Archive for December, 2017

The Fibonacci Demo

Saturday, December 30th, 2017

“You lose again, Lenny“ sneered Snipe after his loaded dice turned up another seven on the green felt table mat.

“Now you owe me a hundred dollars. Hand it over now,” demanded Snipe, hand extended.

“Well. . . seems you have had an extraordinary streak of luck, Snipe,” replied Lenny, raising an eyebrow while handing over a Franklin note.

“To show I’m not a bad loser, how about a bet for two hundred bucks this time?” suggested Lenny.

“What kind of a bet,” said Snipe suspiciously, eyes narrowing while he pocketed the Franklin note.

“Well, it goes like this, Snipe. You think of two numbers. Then I ask you to manipulate the numbers some times, after which I tell you the result,” explained Lenny.

“You mean, I don’t tell you what the numbers I think of and manipulate are? said an incredulous Snipe.

“That’s right,” said Lenny with a mischievous smile.

“You’re on, and you’ll lose again,” laughed Snipe.

Lenny pulled out a pocket calculator, a yellow notepad and a pen from his backpack and placed them on the table in front of a surprised Snipe.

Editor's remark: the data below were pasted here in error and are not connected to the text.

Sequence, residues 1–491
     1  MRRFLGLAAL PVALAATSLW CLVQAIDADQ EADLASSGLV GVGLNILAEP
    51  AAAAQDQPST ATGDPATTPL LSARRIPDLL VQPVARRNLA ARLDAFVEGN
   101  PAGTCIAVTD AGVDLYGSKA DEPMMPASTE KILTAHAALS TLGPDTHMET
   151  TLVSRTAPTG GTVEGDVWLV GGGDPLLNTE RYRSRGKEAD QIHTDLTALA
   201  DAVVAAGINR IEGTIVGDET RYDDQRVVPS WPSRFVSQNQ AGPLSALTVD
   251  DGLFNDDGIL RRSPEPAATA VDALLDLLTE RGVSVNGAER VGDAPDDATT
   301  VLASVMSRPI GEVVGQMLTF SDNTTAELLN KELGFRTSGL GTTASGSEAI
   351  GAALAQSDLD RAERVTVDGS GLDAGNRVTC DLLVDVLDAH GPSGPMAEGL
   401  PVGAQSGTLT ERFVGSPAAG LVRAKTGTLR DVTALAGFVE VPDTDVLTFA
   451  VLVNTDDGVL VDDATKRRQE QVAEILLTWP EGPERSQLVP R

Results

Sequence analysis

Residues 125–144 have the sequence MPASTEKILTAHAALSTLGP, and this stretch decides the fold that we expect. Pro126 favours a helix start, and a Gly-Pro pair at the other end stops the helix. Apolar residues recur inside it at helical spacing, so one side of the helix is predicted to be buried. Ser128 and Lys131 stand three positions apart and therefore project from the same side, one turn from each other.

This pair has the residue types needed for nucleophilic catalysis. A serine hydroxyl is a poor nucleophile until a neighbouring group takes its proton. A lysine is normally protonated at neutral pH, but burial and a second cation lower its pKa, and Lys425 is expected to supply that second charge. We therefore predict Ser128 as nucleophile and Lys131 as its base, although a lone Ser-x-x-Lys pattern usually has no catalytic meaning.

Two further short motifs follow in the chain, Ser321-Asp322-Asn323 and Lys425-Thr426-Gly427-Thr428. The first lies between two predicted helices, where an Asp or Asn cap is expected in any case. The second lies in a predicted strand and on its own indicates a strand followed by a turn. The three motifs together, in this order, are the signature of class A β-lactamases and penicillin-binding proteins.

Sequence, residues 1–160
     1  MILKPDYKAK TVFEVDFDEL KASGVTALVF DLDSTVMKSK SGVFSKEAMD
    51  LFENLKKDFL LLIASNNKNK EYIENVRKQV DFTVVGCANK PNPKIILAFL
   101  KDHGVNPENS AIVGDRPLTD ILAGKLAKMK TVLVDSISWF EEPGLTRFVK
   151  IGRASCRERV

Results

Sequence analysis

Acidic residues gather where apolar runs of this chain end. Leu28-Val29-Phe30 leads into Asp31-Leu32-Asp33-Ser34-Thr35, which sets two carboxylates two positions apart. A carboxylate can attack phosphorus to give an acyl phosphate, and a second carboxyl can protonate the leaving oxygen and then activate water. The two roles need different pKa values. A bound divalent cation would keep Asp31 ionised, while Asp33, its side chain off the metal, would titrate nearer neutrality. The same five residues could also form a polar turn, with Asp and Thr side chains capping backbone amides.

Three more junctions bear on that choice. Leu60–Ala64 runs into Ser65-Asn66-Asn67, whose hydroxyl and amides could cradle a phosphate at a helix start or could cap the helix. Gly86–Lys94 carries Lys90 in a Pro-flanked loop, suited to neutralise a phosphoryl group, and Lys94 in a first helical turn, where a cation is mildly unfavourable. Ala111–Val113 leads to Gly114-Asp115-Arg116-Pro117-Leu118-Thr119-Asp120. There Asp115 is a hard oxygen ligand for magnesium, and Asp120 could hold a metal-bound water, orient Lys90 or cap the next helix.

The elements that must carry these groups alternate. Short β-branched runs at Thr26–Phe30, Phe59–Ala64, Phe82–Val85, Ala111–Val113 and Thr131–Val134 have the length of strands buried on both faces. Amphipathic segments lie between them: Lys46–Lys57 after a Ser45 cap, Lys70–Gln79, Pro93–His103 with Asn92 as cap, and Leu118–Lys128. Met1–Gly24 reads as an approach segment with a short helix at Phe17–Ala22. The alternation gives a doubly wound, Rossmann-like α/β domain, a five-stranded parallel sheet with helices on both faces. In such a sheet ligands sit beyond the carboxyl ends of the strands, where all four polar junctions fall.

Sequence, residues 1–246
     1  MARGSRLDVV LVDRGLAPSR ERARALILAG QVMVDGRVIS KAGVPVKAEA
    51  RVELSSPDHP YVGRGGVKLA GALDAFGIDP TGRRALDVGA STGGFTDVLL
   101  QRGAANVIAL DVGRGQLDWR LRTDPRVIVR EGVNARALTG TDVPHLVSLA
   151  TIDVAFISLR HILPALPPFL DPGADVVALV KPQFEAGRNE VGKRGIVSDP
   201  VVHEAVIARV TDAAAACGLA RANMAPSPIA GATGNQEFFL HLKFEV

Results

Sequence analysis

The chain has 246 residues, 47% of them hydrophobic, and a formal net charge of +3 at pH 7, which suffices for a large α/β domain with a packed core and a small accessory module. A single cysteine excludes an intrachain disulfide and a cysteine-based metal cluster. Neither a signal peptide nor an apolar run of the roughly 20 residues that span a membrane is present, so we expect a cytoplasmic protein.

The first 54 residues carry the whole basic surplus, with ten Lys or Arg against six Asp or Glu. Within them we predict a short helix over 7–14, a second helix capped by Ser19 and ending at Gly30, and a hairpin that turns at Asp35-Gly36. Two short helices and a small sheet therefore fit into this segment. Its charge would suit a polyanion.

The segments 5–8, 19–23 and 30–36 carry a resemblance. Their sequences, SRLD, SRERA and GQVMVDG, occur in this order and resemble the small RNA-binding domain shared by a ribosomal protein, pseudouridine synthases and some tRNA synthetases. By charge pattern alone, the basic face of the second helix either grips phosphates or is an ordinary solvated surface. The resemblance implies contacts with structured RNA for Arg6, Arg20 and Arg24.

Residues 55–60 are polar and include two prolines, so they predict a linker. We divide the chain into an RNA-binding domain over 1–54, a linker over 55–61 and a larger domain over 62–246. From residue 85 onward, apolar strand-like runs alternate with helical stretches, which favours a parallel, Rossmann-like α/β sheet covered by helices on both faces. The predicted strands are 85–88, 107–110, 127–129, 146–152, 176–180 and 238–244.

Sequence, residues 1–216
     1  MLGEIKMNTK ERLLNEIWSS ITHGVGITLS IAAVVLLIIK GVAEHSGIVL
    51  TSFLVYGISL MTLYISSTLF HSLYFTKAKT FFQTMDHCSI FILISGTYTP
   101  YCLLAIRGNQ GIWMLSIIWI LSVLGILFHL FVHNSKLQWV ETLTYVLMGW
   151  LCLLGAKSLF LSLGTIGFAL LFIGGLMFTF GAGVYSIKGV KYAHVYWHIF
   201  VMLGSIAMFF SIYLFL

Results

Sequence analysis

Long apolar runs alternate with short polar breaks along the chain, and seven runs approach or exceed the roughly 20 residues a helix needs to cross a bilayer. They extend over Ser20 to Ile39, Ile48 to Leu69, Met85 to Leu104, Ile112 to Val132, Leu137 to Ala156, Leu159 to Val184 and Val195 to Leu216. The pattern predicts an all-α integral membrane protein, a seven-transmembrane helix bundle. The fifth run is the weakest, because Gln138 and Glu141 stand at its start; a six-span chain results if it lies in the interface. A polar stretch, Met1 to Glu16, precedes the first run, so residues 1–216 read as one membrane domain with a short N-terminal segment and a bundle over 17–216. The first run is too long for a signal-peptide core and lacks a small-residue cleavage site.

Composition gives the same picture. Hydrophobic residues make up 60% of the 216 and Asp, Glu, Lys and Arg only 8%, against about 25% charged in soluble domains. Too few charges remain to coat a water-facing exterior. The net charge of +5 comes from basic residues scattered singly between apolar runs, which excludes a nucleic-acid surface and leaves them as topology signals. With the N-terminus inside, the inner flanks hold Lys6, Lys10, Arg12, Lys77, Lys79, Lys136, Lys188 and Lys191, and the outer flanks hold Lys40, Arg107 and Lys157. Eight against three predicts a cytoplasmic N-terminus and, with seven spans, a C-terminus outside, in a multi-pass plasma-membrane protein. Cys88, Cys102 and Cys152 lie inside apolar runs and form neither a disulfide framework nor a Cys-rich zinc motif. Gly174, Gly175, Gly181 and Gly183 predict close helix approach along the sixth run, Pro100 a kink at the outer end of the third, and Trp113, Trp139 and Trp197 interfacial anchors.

“Here you go, Snipe. You just think of two numbers and get ready to write down all the results, so we can check them later, if necessary,” explained Lenny.

“I’ve already got two numbers in mind,” said Snipe, eyeing some cars passing by.

“Then add them together,” instructed Lenny.

“No problem, “ replied Snipe, noting the sum with his pad well hidden from view.

“Now add one of the two numbers you first thought of to the sum you just got,” continued Lenny.

“Done, no sweat.” Snipe was already anticipating the two hundred dollars he would soon win.

“To the new sum, add the last sum.”

“Ok.”

“To the new sum, add the last sum,” said Lenny.

“Ok, how long will this continue,” complained Snipe with a bored expression on his face.

“To the new sum, add the last sum,” said Lenny.

“You sound like a parrot.”

“To the new sum, add the last sum,” said Lenny.